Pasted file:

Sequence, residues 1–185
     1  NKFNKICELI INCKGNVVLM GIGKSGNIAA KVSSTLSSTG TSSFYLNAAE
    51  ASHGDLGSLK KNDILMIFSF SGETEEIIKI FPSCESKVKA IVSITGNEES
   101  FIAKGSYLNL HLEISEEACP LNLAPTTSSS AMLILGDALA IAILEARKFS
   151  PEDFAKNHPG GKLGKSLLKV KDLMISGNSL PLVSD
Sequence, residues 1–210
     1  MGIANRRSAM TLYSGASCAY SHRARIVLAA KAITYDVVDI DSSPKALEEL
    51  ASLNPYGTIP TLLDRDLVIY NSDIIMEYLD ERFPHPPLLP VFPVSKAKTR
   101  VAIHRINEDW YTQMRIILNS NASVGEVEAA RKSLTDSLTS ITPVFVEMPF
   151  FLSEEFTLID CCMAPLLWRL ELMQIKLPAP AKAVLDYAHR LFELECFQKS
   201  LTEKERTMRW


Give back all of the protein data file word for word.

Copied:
Sequence, residues 1–185
     1  NKFNKICELI INCKGNVVLM GIGKSGNIAA KVSSTLSSTG TSSFYLNAAE
    51  ASHGDLGSLK KNDILMIFSF SGETEEIIKI FPSCESKVKA IVSITGNEES
   101  FIAKGSYLNL HLEISEEACP LNLAPTTSSS AMLILGDALA IAILEARKFS
   151  PEDFAKNHPG GKLGKSLLKV KDLMISGNSL PLVSD
Sequence, residues 1–210
     1  MGIANRRSAM TLYSGASCAY SHRARIVLAA KAITYDVVDI DSSPKALEEL
    51  ASLNPYGTIP TLLDRDLVIY NSDIIMEYLD ERFPHPPLLP VFPVSKAKTR
   101  VAIHRINEDW YTQMRIILNS NASVGEVEAA RKSLTDSLTS ITPVFVEMPF
   151  FLSEEFTLID CCMAPLLWRL ELMQIKLPAP AKAVLDYAHR LFELECFQKS
   201  LTEKERTMRW